Earlier this week, BMW pulled the wraps off the production version of its i3 electrically powered supermini, and it raised more than a few sets of eyebrows. The wild styling of the i3 Electric City-Car Concept — originally unveiled in Frankfurt in 2011 — came over to the production version nearly unchanged, including all the sharp angles and futuristic cues. But this was not the first time that BMW has pushed the limits of its cars. Sure, not all have made it to production form, but BMW has had a rich history of concepts that push the limits of styling and automotive design. Here are our ten favorite BMW designs:
If you grew up in the 1990’s, then you know this as Steve Urkel’s ride on Family Matters, but the Isetta’s roots go much farther back than the heyday of TGIF. Of course, the Isetta’s basic design didn’t come from BMW at all. It came from the Italian firm Iso SpA, and BMW perfected it with a more robust engine. The Isetta was perfectly tailored for city driving, and is credited with keeping BMW from being taken over by Mercedes-Benz in the 1950s. Today the car enjoys a cult following and is sure to turn heads even today.
BMW’s first and (arguably) only true supercar was completely a BMW. The body was designed by Giugiaro and assembled by Lamborghini, but the engine is all Bimmer. The dual-cam M88-designation motor is a 3.5-liter inline-6 that would go on to power the first M5 and M6, and is essentially the formula around which an entire brand would be built.
We here in the States would eventually get the Z3 roadster, but not before Europe got the Z1. The innovative little runabout had a unique slide-down door, and could be traced back to this car, the Z1 Coupe Concept. Employing then-leading materials and construction techniques, and the shooting brake design would not be seen in a BMW again until the BMW Z3 Coupe and M Coupe.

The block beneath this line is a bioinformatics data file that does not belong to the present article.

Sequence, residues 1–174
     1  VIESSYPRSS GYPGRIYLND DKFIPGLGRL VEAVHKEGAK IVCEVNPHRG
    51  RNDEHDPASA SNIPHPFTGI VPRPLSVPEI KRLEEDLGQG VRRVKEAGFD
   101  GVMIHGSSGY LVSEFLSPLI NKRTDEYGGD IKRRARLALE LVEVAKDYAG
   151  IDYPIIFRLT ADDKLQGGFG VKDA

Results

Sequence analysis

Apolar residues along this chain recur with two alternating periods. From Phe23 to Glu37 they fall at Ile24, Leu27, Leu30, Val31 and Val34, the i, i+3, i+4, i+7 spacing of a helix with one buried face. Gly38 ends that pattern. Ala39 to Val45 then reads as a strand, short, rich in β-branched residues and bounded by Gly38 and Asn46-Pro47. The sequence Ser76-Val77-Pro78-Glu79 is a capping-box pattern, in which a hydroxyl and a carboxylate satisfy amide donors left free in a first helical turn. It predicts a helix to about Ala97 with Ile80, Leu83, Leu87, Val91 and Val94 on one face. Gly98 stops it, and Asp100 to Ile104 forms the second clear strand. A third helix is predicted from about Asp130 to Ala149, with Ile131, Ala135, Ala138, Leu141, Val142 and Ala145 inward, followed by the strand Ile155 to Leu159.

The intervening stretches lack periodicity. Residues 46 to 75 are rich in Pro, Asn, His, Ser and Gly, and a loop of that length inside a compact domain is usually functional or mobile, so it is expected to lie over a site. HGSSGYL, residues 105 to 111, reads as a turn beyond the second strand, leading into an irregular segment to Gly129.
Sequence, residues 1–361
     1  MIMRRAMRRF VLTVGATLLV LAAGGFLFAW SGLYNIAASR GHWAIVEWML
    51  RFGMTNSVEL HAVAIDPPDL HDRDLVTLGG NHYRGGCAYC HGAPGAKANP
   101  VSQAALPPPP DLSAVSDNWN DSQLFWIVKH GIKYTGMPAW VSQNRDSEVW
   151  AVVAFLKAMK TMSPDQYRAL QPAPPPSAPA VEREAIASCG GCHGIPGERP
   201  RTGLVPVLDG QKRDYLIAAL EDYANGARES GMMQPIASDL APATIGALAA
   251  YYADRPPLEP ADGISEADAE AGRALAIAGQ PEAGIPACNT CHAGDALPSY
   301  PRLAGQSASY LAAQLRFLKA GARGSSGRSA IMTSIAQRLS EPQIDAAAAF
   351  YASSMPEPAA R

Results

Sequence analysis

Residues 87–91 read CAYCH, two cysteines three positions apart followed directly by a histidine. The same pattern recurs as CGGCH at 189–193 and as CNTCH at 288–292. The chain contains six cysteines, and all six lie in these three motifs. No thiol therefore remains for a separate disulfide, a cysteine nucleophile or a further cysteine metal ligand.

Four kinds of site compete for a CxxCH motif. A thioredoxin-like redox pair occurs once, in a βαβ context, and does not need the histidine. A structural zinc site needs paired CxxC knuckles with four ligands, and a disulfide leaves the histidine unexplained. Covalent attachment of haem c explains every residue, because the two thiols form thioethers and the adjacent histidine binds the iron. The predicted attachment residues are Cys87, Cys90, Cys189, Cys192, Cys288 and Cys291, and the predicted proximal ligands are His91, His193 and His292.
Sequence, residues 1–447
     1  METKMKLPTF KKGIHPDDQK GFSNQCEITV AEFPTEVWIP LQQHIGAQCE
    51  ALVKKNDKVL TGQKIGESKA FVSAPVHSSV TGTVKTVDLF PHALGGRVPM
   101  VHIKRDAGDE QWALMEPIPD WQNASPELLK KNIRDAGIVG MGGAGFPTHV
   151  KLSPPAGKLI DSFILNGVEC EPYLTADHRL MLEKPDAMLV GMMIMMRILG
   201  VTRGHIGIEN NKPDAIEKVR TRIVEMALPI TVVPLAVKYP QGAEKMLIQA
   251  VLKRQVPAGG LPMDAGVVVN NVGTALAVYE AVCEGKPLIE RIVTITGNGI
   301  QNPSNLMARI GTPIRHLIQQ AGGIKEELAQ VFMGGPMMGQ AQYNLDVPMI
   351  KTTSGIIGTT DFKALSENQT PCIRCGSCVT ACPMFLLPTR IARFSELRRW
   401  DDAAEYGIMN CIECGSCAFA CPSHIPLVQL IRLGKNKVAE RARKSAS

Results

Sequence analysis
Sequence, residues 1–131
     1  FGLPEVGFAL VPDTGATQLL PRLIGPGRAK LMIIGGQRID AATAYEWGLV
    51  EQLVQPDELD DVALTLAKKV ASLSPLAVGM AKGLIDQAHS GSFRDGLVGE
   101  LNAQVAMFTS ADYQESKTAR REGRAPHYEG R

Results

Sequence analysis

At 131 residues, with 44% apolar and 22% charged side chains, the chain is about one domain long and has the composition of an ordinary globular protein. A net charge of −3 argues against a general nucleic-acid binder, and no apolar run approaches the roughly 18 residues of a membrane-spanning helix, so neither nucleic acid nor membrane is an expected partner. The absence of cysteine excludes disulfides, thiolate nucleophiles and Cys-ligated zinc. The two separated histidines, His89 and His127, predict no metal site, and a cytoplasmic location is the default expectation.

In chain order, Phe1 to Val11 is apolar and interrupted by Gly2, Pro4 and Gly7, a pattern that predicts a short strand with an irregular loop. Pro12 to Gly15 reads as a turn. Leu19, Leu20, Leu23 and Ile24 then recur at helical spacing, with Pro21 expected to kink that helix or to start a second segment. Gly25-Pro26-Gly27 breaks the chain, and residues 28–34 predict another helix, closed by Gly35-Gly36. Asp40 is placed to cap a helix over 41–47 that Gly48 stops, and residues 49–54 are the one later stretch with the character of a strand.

Like a more refined Plymouth Prowler, this open wheel roadster certainly diverged from anything BMW had designed prior. The 100-horsepower engine was sourced from a BMW K1100 motorcycle, proving that less power combined with lighter weight can be supremely fun.
Say what you want about BMW designer Chris Bangle, but he helped turn the automotive world on its head. The toast of the 1999 Paris Motor Show, the Z9 helped to define BMW styling for the next decade, and you can clearly see inspirations for the 6 Series coupe and convertible in its cues.
When I say, “BMW compact crossover,” you may think of the X3 or X1, but there was a high-riding Bimmer before both. It only had two seats, but boasted eight cylinders, as it featured the 4.4-liter V8 that would later appear in the first BMW X5.
What happens when you combine the chassis of an X5 with the styling cues of the Z4 roadster? This high-riding and revolutionary X Coupe. It debuted at the 2001 North American International Auto Show, and featured an aluminum body and a 3.0-liter turbo diesel inline-6.
The Mille Miglia was an endurance road race held in Italy between 1927 and 1957. It was a harrowing test of man and machine, and BMW won it in 1940 in a BMW 328 Coupe. This concept was meant as an homage to that car, and from every angle, the resemblance is uncanny, yet completely modern in its own way.
This concept was not merely a design study, but a chance for BMW to explore new forward-thinking production and assembly methods. The body is actually a flexible fabric, stretched over a movable lightweight architecture. Underlying structures and panels are mobile, hence the need for the flexible outer skin.
For some time, the argument over most beautiful BMW was split between the Z8 and the iconic 507. That was until this Coupe Concept burst onto the scene at the 2012 Concorso d’Eleganza Villa d’Este. Designed in partnership with Italian design house Zagato, it’s almost painful how perfect and beautiful this coupe is. Painful only because production plans have not been announced.